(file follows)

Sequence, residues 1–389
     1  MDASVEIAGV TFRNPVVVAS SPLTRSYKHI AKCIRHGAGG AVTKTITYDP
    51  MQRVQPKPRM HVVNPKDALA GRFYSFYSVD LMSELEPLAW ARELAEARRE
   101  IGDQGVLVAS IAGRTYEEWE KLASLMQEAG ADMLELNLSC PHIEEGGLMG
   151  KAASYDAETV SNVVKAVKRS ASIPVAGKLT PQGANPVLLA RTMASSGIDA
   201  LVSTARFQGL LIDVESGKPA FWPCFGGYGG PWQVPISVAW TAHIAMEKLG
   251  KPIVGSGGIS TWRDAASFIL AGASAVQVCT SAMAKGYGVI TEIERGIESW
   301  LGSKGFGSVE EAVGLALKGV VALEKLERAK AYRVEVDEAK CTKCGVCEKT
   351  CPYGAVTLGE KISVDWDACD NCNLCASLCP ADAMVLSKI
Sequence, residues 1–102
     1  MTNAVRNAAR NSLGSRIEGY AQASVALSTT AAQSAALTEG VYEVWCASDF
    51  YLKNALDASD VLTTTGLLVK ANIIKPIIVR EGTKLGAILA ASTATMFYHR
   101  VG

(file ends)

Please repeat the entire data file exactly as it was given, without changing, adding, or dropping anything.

Sequence, residues 1–389
     1  MDASVEIAGV TFRNPVVVAS SPLTRSYKHI AKCIRHGAGG AVTKTITYDP
    51  MQRVQPKPRM HVVNPKDALA GRFYSFYSVD LMSELEPLAW ARELAEARRE
   101  IGDQGVLVAS IAGRTYEEWE KLASLMQEAG ADMLELNLSC PHIEEGGLMG
   151  KAASYDAETV SNVVKAVKRS ASIPVAGKLT PQGANPVLLA RTMASSGIDA
   201  LVSTARFQGL LIDVESGKPA FWPCFGGYGG PWQVPISVAW TAHIAMEKLG
   251  KPIVGSGGIS TWRDAASFIL AGASAVQVCT SAMAKGYGVI TEIERGIESW
   301  LGSKGFGSVE EAVGLALKGV VALEKLERAK AYRVEVDEAK CTKCGVCEKT
   351  CPYGAVTLGE KISVDWDACD NCNLCASLCP ADAMVLSKI
Sequence, residues 1–102
     1  MTNAVRNAAR NSLGSRIEGY AQASVALSTT AAQSAALTEG VYEVWCASDF
    51  YLKNALDASD VLTTTGLLVK ANIIKPIIVR EGTKLGAILA ASTATMFYHR
   101  VG